But the distribution effects masked by this analysis are potentially huge. Bangladesh, a poor, overpopulated country near the equator and substantially at sea level is a country that is massively vulnerable to the impact of global warming. The Bangladeshi economy is about 0.3% of global GDP, on a purchasing power parity basis. Assuming a static relative position in the world economy over the next century, a forecast of a 3% loss of global GDP is entirely consistent with the complete obliteration of the nation of Bangladesh, ten-times over. We can recall, in this regard, that the economic consequences of Hurrican Katrina were basically negligible, but the failure to prevent the destruction of New Orleans is still viewed rightly as a massive indictment of the relevant public authorities.
For these reasons among others, CBA is rightly viewed as a somewhat suspect tool. It appears most applicable when purely economic questions are being debated; the further afield we go from these sorts of questions, the more suspect CBA appears.
So where am I going with this? Behind the veil of ignorance!
How would a Rawlsian look at the moral question at the heart of the global warming debate? He would say: behind the veil of ignorance, you don’t know who you are. So you should make your decision on a risk-averse basis, as if you are the person most seriously affected by the decision in question.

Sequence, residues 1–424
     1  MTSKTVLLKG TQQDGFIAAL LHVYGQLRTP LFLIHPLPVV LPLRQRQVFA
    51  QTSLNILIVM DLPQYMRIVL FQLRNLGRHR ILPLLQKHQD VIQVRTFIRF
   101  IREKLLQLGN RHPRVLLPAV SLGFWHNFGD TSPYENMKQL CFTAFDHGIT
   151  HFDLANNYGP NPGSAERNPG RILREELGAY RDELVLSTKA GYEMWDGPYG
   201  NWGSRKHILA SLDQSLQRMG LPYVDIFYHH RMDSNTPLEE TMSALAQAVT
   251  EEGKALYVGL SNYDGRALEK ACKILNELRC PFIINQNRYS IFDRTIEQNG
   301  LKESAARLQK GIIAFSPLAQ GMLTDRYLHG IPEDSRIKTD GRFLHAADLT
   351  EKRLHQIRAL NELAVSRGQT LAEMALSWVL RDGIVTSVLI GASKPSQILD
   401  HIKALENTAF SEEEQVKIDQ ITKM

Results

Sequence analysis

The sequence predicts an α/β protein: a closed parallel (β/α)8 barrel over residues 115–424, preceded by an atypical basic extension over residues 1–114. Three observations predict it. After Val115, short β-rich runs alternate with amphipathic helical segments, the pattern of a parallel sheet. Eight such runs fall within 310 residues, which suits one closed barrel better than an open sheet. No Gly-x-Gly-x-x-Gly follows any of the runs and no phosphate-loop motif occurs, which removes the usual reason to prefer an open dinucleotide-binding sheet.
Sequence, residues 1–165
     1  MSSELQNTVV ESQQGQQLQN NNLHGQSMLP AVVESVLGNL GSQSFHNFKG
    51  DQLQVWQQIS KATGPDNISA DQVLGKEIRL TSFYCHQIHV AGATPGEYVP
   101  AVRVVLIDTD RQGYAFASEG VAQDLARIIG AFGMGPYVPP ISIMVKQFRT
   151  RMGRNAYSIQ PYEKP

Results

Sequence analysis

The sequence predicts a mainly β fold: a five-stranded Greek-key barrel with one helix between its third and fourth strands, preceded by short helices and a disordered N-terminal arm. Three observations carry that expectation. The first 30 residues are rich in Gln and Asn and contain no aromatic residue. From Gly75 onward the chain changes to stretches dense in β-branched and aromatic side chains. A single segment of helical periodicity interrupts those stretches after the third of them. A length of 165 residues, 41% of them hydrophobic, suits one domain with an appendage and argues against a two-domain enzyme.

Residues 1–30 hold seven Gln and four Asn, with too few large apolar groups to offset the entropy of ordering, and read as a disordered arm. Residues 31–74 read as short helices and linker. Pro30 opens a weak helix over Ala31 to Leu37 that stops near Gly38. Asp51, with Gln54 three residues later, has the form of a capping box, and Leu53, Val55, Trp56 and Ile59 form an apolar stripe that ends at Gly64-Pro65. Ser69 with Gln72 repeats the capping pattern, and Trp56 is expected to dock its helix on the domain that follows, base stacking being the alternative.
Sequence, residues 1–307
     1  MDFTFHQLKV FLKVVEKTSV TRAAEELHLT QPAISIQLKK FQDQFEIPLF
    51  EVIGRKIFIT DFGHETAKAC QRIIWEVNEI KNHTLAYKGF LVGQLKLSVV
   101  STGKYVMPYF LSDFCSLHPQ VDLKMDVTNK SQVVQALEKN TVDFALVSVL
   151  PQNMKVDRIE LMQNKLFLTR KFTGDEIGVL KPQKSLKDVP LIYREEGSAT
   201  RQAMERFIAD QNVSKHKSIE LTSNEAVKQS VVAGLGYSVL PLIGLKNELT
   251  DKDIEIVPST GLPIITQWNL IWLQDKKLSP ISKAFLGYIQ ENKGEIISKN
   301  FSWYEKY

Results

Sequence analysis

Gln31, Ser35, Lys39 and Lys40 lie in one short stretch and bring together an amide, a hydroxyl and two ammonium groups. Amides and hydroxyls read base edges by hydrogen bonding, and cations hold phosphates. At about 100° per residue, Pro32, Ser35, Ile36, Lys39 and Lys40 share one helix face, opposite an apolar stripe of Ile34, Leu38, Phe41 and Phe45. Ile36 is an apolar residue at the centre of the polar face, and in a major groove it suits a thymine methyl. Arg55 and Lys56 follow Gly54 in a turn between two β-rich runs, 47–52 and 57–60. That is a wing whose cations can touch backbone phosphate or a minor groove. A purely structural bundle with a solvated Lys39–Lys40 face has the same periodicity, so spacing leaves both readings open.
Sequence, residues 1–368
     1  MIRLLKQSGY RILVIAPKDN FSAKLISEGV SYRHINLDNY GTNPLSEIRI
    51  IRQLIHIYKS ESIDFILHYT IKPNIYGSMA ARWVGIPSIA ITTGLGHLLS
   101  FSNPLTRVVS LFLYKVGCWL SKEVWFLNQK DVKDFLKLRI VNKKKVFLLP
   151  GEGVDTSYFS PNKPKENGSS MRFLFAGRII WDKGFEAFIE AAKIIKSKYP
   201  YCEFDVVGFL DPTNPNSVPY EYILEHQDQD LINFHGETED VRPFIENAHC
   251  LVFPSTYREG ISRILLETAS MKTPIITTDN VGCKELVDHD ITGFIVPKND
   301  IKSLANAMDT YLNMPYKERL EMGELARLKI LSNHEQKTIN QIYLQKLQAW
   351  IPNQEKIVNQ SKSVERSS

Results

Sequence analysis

That person is probably somebody living in Bangladesh. Bangladesh is, as noted above, a country that is exceptionally vulnerable to global warming. But it’s also a country that is very poor (45% below the poverty line, $1,400 GDP per capita on a PPP basis), and hence stands the most to benefit in absolute terms from the continued advance of global economic growth. Conducting a CBA from the perspective of a Bangladeshi answers a lot of the criticisms of CBA. Because Bangladesh is especially vulnerable, the tails of the distribution will be closer to the center for them than they will be for the world at large, so you can avoid a problematic binary rule like PP without feeling like you’ve ignored the severe outlier scenarios. As well, you’ve accounted in a certain fashion for distribution effect questions; by taking the perspective of someone most likely to suffer from downside consequences, you avoid making a decision that will benefit the world on the backs of severe harm to the most vulnerable. Finally, you’re getting the primary benefit of CBA – a serious attempt to account for both sides of the ledger on policy questions – because Bangladesh is especially vulnerable to both downside scenarios, a global economic slowdown and global climate change.
And, to boot, this means we can delegate the entire global warming question to Reihan and his family.
I want to stress one thing in closing: this is not a post about the practical difficulties in attacking global warming. Manzi’s points about the likelihood of regulatory capture, among other things, are very well-taken. All I’m talking about is the moral framework within which we should be making these decisions. Anybody else feel (as I do) like this kind of quasi-Rawlsian framework makes more sense for global warming than it does for, say, setting the level of welfare benefits?